Uber may soon withdraw from some Asian and African markets - Finance and Markets

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Shared travel company Uber may soon withdraw from some of its international markets, including 15 African cities, as its new majority shareholder insists on it. The consortium lead by SoftBank acquired 17.5% stake in Uber after new new 8 billion USD investment. Thus, the Japanese technology giant SoftBank becomes the largest shareholder in the US firm.
Uber hopes that the investment will allow the company to speed up delivering its service to “more people in more places around the world”. But this seems to be different from the vision of SoftBank.
Rajeev Misra, a board member of SoftBank, believes that the shared travel company has a better chance of success and profit if it focuses on its core markets such as the US, Europe, Latin America and Australia. Misra is expected to join Uber’s board of directors as part of the deal.
SoftBank owns shares in some of the world’s largest shared travel companies, including Uber and its rivals like Indian Ola and Chinese Didi Chuxing, so it’s no surprise that the Japanese giant may ask the California-based company to focus on its main markets where it does not have to compete with its other investments.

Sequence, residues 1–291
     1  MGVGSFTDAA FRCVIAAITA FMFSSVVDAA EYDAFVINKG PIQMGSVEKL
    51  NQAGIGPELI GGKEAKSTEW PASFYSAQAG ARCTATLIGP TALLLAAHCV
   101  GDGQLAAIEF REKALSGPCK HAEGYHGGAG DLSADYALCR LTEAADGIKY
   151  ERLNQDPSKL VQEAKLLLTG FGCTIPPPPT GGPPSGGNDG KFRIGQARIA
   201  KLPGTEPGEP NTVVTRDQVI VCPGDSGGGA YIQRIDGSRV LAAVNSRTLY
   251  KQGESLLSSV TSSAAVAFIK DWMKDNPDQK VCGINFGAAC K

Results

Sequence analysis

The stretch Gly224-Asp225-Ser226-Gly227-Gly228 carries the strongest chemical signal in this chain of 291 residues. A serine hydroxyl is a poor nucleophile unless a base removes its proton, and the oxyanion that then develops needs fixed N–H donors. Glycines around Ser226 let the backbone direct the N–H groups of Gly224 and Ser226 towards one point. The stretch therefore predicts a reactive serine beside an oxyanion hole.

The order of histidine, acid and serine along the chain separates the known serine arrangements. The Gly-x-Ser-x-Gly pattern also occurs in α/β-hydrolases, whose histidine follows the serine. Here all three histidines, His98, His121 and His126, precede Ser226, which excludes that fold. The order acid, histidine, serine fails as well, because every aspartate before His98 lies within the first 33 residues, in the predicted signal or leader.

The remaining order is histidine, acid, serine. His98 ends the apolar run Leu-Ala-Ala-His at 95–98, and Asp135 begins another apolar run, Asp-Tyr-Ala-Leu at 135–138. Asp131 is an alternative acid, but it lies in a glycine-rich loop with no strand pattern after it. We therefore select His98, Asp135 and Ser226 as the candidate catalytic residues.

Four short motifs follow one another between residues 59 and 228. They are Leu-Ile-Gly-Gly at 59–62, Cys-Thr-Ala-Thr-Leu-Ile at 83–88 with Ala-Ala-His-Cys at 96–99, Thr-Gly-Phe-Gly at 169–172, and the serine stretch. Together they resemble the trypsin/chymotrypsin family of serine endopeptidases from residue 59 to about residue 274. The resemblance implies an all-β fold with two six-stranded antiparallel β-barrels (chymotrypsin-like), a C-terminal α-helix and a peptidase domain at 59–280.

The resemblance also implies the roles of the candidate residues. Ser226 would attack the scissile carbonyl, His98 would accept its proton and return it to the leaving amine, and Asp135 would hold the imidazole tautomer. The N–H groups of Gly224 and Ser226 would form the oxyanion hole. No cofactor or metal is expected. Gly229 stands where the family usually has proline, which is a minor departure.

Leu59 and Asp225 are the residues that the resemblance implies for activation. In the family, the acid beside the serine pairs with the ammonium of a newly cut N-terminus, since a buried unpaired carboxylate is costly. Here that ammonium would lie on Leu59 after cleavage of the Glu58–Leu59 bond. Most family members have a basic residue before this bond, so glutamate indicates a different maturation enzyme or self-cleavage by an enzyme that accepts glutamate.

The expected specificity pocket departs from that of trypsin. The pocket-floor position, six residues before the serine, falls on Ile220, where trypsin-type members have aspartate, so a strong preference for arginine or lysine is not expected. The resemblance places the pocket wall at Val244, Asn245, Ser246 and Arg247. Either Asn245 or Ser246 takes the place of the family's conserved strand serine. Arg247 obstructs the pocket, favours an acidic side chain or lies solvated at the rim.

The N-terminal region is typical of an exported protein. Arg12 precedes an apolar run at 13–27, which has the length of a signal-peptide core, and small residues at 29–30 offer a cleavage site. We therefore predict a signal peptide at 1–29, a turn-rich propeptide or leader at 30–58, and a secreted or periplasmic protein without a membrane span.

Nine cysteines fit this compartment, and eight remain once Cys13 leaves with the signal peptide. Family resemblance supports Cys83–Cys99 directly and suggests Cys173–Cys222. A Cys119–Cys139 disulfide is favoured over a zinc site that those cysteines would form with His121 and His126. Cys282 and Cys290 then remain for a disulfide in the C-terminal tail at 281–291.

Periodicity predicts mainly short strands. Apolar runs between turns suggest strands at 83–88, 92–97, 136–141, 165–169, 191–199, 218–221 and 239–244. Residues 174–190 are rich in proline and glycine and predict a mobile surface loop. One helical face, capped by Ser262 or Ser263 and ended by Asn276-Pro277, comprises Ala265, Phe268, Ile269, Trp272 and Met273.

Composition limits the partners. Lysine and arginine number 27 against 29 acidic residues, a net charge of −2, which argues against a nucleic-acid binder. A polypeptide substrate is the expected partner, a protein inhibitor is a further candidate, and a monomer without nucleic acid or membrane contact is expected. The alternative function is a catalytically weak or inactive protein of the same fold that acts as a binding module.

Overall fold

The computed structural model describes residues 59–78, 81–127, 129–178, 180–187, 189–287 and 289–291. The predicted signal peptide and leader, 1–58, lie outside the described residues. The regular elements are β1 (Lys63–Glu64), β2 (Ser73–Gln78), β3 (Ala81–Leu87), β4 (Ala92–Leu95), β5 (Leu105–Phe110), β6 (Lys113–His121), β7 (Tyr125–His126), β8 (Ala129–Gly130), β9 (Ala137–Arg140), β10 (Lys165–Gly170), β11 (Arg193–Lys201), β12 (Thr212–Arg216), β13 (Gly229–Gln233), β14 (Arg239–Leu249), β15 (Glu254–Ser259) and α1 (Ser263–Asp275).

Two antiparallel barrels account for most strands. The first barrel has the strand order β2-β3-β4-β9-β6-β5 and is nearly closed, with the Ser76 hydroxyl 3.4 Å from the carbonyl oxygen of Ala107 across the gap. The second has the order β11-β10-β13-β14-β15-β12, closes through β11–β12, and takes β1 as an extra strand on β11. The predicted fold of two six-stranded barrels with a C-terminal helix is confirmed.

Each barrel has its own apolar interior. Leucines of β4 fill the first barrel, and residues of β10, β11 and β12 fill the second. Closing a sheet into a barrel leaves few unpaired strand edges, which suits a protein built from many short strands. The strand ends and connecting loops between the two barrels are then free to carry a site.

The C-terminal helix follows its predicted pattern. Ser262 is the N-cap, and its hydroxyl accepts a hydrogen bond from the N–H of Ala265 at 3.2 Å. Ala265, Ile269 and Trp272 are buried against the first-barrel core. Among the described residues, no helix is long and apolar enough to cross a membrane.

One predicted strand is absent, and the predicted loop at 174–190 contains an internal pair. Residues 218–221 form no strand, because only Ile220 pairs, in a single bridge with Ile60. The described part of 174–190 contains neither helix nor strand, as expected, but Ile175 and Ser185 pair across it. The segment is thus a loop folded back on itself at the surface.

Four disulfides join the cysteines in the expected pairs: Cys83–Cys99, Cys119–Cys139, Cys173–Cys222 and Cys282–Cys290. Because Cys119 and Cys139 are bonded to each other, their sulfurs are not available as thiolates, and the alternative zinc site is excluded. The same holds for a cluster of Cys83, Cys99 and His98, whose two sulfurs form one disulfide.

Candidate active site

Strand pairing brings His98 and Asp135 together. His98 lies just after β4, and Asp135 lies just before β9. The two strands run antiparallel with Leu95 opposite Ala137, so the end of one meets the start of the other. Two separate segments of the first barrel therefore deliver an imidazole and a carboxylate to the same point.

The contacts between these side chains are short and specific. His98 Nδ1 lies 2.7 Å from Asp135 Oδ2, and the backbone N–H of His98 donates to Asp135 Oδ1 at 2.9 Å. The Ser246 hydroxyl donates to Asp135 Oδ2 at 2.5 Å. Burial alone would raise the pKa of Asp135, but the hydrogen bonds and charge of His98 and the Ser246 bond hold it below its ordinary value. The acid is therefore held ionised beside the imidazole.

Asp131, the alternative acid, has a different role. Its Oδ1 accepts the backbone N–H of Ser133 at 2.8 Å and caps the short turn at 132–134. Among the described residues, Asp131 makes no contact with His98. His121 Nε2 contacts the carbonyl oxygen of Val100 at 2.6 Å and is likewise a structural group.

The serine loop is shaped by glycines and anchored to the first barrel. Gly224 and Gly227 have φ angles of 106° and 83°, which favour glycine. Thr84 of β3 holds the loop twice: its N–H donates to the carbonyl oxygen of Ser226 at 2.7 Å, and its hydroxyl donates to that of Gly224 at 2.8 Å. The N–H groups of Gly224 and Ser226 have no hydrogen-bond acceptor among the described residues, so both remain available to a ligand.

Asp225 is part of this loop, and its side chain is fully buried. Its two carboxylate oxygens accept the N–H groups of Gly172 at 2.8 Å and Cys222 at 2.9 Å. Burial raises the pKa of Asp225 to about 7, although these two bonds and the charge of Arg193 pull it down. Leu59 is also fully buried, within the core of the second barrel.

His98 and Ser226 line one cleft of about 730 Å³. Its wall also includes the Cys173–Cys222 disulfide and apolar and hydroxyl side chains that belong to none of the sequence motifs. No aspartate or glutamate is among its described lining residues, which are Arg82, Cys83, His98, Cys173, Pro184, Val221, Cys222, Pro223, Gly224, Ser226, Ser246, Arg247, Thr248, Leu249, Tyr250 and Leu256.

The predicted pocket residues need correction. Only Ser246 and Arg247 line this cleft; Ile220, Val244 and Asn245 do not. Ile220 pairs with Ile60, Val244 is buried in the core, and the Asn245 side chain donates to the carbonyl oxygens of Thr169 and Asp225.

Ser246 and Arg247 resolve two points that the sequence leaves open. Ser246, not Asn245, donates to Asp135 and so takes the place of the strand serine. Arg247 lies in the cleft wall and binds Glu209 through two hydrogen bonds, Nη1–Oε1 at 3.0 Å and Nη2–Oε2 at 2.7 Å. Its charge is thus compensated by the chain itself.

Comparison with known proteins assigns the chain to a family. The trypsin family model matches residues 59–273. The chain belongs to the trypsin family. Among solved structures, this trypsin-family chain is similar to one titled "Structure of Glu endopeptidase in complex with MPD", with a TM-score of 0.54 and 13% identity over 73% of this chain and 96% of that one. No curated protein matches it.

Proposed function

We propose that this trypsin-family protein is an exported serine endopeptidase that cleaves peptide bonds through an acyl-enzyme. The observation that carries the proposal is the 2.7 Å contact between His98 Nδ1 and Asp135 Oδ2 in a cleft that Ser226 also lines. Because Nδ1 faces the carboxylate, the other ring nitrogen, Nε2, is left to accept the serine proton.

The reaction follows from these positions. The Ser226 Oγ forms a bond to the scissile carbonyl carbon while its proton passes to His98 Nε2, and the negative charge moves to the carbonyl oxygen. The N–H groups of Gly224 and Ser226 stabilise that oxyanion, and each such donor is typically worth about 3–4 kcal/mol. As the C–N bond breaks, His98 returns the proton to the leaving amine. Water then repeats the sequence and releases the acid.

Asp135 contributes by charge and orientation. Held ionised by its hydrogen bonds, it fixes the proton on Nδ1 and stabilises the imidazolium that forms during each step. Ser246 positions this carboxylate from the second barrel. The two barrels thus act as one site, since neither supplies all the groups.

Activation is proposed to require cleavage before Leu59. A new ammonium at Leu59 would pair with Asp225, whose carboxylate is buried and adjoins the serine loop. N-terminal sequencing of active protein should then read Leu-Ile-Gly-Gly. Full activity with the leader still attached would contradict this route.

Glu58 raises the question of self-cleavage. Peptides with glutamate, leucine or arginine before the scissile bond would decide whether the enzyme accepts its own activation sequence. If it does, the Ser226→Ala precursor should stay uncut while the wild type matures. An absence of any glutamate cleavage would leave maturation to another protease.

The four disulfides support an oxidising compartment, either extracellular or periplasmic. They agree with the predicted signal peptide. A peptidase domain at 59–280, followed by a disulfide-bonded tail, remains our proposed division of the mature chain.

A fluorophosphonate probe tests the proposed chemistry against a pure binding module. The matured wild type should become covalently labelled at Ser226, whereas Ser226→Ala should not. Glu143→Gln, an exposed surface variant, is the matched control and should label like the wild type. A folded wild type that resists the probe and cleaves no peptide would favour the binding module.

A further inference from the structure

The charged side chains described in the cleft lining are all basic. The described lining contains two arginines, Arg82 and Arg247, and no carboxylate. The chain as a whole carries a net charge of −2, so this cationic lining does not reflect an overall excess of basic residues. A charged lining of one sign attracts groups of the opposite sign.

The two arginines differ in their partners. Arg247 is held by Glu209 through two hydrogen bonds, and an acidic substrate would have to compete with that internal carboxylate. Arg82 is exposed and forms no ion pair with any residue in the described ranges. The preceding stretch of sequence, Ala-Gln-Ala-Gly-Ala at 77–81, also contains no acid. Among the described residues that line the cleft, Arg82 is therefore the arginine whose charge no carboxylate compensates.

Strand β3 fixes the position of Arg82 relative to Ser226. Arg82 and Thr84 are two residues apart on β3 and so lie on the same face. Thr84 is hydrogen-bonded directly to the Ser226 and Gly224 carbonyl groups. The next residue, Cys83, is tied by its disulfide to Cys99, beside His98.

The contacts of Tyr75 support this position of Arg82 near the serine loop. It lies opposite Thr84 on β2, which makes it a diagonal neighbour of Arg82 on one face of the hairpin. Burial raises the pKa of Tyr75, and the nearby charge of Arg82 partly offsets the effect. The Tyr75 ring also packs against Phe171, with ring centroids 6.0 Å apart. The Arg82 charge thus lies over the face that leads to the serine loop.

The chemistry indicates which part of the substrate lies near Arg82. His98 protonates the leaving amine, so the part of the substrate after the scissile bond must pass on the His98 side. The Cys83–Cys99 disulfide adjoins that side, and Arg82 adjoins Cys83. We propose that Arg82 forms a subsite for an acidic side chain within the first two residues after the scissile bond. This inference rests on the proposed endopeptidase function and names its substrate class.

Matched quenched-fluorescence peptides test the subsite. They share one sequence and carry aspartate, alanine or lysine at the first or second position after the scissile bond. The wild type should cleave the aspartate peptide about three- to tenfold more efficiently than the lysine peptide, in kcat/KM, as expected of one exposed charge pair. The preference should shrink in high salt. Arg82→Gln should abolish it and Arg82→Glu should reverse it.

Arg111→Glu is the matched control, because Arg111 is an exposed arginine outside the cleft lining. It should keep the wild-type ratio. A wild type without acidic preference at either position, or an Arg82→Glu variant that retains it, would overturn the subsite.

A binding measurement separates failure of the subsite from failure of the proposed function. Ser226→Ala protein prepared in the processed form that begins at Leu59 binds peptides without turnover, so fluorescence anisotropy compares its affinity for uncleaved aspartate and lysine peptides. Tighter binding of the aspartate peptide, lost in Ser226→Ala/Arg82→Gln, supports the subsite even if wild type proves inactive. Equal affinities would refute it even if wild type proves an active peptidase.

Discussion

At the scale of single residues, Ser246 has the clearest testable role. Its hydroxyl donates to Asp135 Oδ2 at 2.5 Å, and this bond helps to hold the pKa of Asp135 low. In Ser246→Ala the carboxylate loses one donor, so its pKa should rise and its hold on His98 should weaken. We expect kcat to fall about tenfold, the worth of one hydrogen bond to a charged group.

Uber has not responded for comment on the subject.
Since entering its first African market in 2013, Uber has quickly grown and operated in eight countries, including South Africa, Kenya, Nigeria, Tanzania, Uganda, Ghana, Egypt and Morocco. Its expansion is taking place despite Little Ride’s competition in Nairobi and the Estonian Taxify on most African markets. Taxify is partly funded by the global competitor of Uber – the Chinese Didi Chuxing.
Within its four years in Africa, Uber has made significant progress on the continent. Egypt is one of its fastest growing global markets, while during its first 16 months in Lagos, Uber has done 30% of its shipment than in its first 16 months in London. In Ghana, Uber has teamed up with the Transport Ministry to create a regulatory framework for Shared Travel technologies so that it does not face the problems it has in other markets.
But as elsewhere, Uber’s operations in some African countries are facing protests from taxi drivers’ organizations that claim that its model of work will harm their business.